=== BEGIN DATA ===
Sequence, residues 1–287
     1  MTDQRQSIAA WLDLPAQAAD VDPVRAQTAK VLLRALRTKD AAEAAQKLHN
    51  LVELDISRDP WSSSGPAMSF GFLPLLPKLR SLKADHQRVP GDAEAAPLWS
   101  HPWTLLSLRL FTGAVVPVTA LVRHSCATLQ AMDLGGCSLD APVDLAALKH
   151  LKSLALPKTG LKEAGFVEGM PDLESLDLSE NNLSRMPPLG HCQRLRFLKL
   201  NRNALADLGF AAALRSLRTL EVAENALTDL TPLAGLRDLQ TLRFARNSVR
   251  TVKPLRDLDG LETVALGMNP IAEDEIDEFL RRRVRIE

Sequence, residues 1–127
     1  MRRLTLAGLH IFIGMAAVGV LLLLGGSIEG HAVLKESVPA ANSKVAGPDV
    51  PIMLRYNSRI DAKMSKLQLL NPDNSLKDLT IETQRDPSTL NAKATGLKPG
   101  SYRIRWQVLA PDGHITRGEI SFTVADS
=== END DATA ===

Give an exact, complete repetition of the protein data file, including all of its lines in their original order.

Sequence, residues 1–287
     1  MTDQRQSIAA WLDLPAQAAD VDPVRAQTAK VLLRALRTKD AAEAAQKLHN
    51  LVELDISRDP WSSSGPAMSF GFLPLLPKLR SLKADHQRVP GDAEAAPLWS
   101  HPWTLLSLRL FTGAVVPVTA LVRHSCATLQ AMDLGGCSLD APVDLAALKH
   151  LKSLALPKTG LKEAGFVEGM PDLESLDLSE NNLSRMPPLG HCQRLRFLKL
   201  NRNALADLGF AAALRSLRTL EVAENALTDL TPLAGLRDLQ TLRFARNSVR
   251  TVKPLRDLDG LETVALGMNP IAEDEIDEFL RRRVRIE

Sequence, residues 1–127
     1  MRRLTLAGLH IFIGMAAVGV LLLLGGSIEG HAVLKESVPA ANSKVAGPDV
    51  PIMLRYNSRI DAKMSKLQLL NPDNSLKDLT IETQRDPSTL NAKATGLKPG
   101  SYRIRWQVLA PDGHITRGEI SFTVADS